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Bat lifecycle disrupted by rising temperatures
Researchers in Portugal have been monitoring bat roosts since the 1980s.
Some Mediterranean bats ignored hibernation this year

The lifecycle of European bats appears to have been disrupted by rising temperatures, according to new research.

Speaking to BBC News, Dr Hugo Rebelo of the University of Porto said that some bats in the Mediterranean had ignored hibernation altogether this year, while some produced young early.  

Dr Rebelo is concerned that some bats born early could suffer from a lack of insects to feed on.  

“It's a phenological mismatch," he said. "What this means is that the bat birth is more or less synchronised with the time of emergence of insects so that when bats give birth there are plenty of resources to feed on and then to feed their own pups.

"With these chaotic weather patterns we are having now in winter and spring we don't know if everything is being mixed up.”

Researchers in Portugal have been monitoring bat roosts since the 1980s. To make it through the winter, bats need to hibernate as there are not enough insects to eat.

In January and February this year, Dr Luísa Rodrigues, a biologist at The Institute of Conservation of Nature and Forests in Lisbon, visited 20 caves in Portugal and discovered bats that had been born very early.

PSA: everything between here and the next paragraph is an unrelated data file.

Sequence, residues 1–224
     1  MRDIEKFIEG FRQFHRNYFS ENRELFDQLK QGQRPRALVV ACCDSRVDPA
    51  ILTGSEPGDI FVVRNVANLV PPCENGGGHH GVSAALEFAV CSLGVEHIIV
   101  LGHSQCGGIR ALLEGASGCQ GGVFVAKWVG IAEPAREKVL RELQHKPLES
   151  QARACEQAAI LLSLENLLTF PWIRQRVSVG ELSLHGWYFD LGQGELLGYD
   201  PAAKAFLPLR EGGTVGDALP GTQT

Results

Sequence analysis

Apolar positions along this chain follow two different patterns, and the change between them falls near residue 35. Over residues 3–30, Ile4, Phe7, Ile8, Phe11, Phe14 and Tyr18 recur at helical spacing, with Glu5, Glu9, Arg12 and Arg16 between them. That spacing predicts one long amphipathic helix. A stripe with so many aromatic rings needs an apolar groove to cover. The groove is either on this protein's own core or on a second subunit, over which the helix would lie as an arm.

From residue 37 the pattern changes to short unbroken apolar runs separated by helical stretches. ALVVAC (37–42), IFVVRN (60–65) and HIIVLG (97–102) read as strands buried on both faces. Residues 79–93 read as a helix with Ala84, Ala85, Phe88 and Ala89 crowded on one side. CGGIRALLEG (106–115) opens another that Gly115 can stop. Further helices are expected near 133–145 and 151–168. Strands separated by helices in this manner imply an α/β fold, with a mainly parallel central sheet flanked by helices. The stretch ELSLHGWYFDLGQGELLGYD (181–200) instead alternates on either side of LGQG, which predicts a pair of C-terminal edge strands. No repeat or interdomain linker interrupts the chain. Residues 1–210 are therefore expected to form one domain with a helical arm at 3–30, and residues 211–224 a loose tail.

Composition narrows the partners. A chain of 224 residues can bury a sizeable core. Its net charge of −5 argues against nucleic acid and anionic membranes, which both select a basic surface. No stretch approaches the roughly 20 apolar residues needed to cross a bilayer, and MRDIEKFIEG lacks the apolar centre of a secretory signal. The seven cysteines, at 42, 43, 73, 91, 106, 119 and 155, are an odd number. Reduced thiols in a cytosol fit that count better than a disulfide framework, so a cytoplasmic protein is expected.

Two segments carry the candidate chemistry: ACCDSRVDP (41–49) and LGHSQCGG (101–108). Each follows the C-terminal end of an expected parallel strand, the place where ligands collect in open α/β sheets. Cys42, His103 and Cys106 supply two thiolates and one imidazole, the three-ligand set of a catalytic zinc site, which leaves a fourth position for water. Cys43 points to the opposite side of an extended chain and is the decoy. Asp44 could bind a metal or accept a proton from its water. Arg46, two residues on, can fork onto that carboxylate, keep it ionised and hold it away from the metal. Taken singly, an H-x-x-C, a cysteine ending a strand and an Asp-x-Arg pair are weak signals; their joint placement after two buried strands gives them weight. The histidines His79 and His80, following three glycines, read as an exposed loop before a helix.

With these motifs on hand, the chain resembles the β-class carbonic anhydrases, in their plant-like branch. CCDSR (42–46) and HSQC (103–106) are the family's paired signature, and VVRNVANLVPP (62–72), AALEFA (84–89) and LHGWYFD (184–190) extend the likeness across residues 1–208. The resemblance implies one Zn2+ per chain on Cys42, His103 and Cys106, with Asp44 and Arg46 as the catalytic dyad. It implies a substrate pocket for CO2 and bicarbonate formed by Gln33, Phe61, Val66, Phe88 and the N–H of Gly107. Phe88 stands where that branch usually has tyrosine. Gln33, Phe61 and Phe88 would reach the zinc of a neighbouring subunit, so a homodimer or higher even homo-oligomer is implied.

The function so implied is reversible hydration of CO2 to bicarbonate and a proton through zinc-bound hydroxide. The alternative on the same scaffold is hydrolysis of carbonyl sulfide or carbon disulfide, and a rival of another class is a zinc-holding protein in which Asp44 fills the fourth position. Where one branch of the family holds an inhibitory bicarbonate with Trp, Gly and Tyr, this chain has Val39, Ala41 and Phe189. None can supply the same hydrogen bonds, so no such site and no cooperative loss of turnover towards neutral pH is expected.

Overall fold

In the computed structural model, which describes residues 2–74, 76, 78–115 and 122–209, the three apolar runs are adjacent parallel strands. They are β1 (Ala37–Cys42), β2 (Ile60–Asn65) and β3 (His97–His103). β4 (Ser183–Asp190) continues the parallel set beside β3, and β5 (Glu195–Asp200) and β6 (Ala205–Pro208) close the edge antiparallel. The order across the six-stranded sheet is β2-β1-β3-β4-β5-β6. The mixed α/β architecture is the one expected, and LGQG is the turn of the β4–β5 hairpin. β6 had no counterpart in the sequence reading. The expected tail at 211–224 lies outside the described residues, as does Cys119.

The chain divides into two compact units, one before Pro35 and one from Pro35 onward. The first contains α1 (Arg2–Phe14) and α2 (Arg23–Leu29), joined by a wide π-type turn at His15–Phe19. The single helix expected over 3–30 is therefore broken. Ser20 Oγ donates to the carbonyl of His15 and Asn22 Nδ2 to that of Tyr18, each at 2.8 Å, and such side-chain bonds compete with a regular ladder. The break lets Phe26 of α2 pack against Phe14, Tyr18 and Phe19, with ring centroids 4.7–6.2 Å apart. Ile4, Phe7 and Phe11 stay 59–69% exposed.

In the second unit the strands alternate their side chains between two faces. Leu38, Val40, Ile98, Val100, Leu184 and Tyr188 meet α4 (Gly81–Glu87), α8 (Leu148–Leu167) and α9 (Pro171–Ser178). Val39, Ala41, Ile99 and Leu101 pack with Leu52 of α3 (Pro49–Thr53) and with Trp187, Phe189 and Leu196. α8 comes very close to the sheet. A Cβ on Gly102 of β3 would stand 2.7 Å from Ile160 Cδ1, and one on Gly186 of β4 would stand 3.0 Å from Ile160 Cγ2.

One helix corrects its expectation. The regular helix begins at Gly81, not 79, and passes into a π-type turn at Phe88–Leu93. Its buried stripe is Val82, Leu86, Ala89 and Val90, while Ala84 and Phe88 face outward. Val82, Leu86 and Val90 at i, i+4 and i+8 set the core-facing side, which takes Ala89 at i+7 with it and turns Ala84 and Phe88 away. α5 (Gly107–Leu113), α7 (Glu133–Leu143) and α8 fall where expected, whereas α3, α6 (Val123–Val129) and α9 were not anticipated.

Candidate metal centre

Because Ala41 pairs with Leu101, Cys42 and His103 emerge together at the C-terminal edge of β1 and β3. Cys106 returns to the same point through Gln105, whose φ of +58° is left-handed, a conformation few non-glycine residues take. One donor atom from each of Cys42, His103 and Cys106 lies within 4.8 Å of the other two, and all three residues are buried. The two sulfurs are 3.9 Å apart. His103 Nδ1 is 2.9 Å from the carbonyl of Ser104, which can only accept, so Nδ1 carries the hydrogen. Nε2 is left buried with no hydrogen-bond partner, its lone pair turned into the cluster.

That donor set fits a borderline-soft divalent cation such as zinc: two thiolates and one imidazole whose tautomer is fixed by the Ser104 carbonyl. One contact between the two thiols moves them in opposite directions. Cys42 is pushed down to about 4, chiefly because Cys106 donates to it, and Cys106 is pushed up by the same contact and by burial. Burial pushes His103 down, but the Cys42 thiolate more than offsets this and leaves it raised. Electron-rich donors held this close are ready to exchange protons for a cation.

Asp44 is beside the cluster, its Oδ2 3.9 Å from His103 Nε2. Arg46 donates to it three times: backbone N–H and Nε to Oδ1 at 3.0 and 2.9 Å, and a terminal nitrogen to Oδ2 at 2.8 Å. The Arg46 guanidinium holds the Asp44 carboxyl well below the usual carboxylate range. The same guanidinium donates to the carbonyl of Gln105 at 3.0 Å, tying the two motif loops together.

While Dr Rodrigues only observed early births in one of the roosts, she said that it is a sign that the situation needs to be continually monitored.

"It's not a red alert but it's something that we need to be conscious of," she told BBC News.

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Nominations for 2019 RSPCA Honours Awards now open

News Story 1
 People across the UK are being urged to nominate a standout animal champion for the 2019 RSPCA Honours Awards.

The awards recognise those who have worked tirelessly to improve animal welfare, campaigned on behalf of animals, or shown true bravery. Previous winners include comedian John Bishop, who was awarded Celebrity Animal Champion of the Year, and 11-year-old Lobby Cantwell, who raised more than £1,000 for the charity through mountain climbs and bike rides.

To submit a nomination or find out more about the awards visit the RSPCA website. Nominations will remain open until 4 pm on Friday, March 15.  

Click here for more...
News Shorts
New £1m project to investigate dairy cow lameness

Scotland’s Rural College (SRUC) is leading a new £1 million research project to investigate the causes of lameness in dairy cows.

One in three dairy cows are affected by lameness every day in the UK, costing the industry an estimated £250 milion annually.

The project will take three years to complete and is due to finish by November 2021.

Professor Georgios Banos of SRUC commented: “In addition to pain and discomfort to the animal, lameness is associated with decreased milk production and inflated farm costs.

“Among cows raised in the same environment, some become lame while others do not. Understanding the reasons behind this will help us develop targeted preventive practices contributing to enhanced animal welfare and farm profitability.”